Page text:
MICHAEL STIPE TURNED INSIDE-OUT
In ‘Outline of My Lover,’ novelist Douglas A. Martin fictionalizes his 6-year romance with R.E.M. frontman
BY DANIEL KUSNER
In 1991, when Douglas A. Martin was a senior in high school, he was so captivated by R.E.M.’s homoerotically charged video “Losing My Religion” that he told his sister, “I’m going to marry Michael Stipe.” This, of course, was before he had even met the enigmatic, sometimes-queer singer of one of America’s most respected rock bands.
“When I saw the video, I didn’t fall in love with Michael Stipe. I fell in love with what I thought was Michael Stipe. I fell in love with the image that a director helped create,” Martin explains.
After high school, the obsessed adolescent went to study theater at the University of Georgia in Athens — the relatively small college town where R.E.M. hail and still maintain residence as Athens’ multi-millionaire heroes. In “Outline of My Lover” (Soft Skull Press, $12, May, 2000), Martin, 26, writes in first person about a teenager who moves to Athens and seeks out a relationship with a luminous rock star.
“The individual in the book is based very strongly on my life and my relationship with Michael Stipe. But it’s not a kiss-and-tell. I’ve been keeping a journal since 1992. I have over 100 journals — each one is over 200 pages. If this was a kiss-and-tell, it would be a much thicker book,” he promises.
“Outline of My Lover” details a young man’s complete immersion into an unbalanced and almost destructive relationship that ultimately must end for the sake of both partners. Martin, who recently won an MFA scholarship at the New School University in New York, says he was heavily influenced by the late French writer Marguerite Duras’ passionate novel “The Lover.”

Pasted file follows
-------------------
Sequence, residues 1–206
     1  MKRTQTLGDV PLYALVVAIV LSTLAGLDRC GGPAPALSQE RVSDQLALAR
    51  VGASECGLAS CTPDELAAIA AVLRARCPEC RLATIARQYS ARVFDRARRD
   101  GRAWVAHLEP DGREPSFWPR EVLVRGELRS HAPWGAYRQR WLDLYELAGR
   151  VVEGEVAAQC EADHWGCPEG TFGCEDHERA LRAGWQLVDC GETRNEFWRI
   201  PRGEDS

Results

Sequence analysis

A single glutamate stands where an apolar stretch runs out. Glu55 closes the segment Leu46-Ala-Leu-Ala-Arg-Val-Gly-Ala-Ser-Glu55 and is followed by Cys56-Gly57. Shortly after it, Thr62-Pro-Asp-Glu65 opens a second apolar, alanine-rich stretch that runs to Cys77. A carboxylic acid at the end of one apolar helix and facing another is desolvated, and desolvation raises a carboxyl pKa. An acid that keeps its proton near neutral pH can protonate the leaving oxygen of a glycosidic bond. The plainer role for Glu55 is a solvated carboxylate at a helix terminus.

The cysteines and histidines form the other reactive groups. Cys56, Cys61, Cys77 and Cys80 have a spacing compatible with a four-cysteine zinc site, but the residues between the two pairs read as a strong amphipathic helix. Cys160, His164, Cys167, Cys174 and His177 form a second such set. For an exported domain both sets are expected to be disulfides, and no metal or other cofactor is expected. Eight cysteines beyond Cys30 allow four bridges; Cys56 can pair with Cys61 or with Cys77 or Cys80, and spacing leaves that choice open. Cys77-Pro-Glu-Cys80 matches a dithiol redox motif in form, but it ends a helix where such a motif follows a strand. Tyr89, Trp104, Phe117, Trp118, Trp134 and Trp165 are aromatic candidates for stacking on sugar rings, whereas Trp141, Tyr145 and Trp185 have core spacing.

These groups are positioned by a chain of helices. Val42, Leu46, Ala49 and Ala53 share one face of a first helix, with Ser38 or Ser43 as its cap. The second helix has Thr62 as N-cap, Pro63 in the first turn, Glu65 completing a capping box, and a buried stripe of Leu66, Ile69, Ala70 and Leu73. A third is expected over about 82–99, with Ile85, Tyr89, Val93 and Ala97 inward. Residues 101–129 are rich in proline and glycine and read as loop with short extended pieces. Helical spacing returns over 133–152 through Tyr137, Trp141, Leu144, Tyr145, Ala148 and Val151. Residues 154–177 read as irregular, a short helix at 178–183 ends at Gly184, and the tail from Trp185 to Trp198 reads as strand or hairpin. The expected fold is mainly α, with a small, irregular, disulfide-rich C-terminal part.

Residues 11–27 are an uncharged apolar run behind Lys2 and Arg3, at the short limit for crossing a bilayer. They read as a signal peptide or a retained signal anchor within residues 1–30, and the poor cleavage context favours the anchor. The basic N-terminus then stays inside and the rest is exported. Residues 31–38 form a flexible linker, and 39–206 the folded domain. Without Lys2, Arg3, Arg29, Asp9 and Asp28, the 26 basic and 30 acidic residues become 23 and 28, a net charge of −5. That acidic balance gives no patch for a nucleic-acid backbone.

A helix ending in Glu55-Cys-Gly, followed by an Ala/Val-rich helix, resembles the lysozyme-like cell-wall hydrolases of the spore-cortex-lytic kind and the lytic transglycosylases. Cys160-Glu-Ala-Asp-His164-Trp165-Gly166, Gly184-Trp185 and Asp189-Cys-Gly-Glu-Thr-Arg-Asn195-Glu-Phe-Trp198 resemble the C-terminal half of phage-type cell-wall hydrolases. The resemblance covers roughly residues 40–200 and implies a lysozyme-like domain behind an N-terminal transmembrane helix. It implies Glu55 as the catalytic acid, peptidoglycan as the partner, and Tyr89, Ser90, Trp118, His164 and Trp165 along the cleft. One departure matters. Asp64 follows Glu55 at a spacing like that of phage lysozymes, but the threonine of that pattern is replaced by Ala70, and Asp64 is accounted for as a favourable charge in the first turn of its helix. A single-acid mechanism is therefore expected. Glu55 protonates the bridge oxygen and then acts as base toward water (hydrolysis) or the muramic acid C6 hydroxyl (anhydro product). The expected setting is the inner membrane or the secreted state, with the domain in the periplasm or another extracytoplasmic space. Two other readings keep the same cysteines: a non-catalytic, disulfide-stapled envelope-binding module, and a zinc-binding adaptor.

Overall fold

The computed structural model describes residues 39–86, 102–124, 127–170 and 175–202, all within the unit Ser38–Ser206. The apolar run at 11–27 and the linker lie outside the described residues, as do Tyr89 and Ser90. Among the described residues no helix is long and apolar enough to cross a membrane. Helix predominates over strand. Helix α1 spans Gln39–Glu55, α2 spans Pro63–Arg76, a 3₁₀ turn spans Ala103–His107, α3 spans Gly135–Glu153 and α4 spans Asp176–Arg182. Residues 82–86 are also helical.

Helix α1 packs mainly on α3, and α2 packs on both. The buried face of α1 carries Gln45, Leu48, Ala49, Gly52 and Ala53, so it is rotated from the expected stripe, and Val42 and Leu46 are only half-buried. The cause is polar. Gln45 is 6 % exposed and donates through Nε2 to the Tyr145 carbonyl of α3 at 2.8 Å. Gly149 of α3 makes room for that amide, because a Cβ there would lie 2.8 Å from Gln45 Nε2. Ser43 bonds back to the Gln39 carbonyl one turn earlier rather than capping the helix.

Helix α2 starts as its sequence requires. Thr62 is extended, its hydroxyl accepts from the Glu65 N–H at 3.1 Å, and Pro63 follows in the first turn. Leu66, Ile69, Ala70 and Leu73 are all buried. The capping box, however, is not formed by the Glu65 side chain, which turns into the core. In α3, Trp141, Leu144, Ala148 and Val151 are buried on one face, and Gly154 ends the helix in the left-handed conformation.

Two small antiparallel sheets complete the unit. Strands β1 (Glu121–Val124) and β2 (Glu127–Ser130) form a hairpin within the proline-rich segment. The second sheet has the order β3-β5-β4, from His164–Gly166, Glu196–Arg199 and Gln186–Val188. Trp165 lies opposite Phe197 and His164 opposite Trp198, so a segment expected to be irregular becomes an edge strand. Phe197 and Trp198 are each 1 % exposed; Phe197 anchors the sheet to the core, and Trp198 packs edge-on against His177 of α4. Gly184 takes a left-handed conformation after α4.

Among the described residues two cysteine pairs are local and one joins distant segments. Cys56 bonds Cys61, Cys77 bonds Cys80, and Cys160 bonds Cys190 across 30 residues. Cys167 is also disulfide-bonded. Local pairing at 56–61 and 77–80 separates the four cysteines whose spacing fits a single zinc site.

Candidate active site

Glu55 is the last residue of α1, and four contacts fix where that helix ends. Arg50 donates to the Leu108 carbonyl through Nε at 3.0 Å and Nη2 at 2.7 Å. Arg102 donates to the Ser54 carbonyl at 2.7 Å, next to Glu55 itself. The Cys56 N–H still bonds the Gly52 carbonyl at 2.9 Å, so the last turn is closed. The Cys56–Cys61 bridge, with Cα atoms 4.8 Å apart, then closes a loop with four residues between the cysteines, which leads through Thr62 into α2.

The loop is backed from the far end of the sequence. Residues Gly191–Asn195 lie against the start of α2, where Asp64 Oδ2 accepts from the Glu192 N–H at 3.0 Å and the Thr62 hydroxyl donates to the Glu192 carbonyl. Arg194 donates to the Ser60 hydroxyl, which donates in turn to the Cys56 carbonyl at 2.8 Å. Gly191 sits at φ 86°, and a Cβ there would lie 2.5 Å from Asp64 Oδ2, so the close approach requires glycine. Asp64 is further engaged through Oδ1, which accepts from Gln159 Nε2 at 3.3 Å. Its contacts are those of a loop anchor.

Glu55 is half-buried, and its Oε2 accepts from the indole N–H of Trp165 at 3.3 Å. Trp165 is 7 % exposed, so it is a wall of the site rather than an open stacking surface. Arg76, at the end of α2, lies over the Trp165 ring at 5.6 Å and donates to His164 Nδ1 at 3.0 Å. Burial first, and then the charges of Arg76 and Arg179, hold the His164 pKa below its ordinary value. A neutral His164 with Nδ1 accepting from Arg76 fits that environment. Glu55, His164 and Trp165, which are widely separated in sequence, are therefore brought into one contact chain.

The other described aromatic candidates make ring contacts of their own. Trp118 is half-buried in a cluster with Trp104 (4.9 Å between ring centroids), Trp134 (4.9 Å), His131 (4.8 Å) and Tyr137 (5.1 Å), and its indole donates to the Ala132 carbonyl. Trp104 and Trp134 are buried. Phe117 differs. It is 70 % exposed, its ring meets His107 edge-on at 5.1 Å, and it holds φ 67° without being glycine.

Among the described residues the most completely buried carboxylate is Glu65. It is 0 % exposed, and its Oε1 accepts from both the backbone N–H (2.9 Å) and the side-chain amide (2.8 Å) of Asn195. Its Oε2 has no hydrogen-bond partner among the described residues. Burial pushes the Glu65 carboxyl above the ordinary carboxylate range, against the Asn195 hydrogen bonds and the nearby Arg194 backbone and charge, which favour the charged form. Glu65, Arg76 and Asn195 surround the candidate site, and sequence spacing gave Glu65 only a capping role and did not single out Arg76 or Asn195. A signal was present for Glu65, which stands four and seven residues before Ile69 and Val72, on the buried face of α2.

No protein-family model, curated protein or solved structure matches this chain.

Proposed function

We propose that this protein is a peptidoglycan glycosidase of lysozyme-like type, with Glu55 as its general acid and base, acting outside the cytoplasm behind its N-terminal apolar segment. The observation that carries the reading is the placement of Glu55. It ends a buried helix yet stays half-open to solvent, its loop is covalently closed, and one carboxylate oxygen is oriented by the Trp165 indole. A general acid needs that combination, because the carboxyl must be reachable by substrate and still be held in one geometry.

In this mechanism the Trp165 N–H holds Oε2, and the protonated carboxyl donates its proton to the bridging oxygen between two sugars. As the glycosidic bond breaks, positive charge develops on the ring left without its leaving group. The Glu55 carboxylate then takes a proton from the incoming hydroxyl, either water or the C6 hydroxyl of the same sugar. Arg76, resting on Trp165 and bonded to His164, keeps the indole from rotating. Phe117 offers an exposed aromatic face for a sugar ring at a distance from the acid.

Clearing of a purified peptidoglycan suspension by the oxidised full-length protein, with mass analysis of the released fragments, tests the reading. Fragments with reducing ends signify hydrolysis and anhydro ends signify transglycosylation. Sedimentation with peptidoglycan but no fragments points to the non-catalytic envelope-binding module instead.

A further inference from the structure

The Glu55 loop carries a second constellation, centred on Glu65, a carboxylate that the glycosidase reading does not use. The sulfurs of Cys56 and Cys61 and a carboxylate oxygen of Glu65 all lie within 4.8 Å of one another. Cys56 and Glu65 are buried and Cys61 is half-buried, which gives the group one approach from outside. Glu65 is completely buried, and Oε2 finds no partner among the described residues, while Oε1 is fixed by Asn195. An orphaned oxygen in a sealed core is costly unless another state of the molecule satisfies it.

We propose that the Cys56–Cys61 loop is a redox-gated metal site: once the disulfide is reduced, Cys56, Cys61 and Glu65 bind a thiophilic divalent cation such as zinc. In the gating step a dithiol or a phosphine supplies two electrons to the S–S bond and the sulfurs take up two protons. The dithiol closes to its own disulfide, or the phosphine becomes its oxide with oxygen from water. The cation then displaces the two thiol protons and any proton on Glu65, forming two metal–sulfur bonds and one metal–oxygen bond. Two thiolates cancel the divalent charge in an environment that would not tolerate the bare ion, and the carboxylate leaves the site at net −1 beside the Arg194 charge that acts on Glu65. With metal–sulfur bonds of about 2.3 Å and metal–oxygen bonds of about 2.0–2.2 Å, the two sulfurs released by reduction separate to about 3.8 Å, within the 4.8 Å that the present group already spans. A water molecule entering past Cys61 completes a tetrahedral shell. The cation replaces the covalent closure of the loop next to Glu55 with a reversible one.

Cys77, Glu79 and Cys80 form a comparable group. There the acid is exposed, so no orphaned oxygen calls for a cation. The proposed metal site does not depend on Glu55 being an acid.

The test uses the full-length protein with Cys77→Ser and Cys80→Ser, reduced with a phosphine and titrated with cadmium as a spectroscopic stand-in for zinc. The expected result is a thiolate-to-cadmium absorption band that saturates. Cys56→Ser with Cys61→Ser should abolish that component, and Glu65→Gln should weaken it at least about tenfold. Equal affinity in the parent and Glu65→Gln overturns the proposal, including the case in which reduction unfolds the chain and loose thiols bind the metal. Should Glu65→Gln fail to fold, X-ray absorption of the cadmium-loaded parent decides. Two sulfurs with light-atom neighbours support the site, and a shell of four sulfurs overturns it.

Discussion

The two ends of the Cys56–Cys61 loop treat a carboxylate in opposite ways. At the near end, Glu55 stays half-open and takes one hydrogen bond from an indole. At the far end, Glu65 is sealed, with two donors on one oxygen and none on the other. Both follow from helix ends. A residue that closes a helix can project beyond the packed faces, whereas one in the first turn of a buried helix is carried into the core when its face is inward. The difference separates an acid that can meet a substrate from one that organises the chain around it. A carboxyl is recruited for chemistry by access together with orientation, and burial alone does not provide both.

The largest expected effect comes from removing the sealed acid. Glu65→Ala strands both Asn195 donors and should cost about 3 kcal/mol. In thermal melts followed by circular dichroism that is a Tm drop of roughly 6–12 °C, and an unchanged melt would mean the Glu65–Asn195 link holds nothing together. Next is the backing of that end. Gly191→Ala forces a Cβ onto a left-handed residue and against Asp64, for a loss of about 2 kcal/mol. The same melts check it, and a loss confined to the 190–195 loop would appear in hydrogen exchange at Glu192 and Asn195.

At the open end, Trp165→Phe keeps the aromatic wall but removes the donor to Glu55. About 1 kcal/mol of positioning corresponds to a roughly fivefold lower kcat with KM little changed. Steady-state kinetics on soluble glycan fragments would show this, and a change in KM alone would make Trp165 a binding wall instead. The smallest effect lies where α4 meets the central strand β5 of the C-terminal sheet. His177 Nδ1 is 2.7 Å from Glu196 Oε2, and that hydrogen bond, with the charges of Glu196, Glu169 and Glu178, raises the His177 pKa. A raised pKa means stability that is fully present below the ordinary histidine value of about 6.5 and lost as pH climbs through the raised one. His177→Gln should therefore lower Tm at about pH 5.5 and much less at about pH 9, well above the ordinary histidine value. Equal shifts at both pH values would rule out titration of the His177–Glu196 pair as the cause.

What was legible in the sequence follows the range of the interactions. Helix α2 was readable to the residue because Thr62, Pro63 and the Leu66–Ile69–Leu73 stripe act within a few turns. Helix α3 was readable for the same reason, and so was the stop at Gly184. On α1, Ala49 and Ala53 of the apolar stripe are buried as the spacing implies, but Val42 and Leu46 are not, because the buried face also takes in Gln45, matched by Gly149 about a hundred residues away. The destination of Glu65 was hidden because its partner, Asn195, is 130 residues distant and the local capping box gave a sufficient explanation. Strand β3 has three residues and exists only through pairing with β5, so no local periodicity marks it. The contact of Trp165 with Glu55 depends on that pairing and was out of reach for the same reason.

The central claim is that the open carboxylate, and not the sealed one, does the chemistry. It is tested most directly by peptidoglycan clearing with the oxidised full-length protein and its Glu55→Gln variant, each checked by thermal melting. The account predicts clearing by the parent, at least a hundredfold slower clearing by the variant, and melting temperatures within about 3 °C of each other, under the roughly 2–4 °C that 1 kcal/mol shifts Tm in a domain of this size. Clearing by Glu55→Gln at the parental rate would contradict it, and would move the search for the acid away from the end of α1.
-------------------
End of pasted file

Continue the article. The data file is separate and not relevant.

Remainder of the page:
“I wanted to write the way Marguerite Duras wrote a book about a young girl who was completely in control and, at the same time, devastated by a relationship with a much older man,” Martin says. “I wanted to explore issues of power, authority and celebrity, and how the media is constantly feeding us misleading issues. I also wanted to explore a complicated relationship rather than boil it down to good person/bad person.”
Stipe has always maintained a secretive personal life (before he became famous, the eccentric singer supposedly spent an entire year without speaking to anyone), which has helped foster his image as The Mysterious Rock Star. To fictionally disclose intimate details about his relationship with Stipe has been courageous on Martin’s part.
“I know that the local press in Athens is already up in arms about my book because they think they own Michael Stipe,” Martin huffs. “I never proceeded with fear. And that’s a big part of being a gay man. At a certain point you decide, ‘I’m going to own my actions.’”
Martin creates a mood of self-inflicted misery in “Outline of My Lover,” but he’s not as despondent as his novel’s protagonist. He also says it’s laughable to act like he has amnesia about his relationship with Stipe.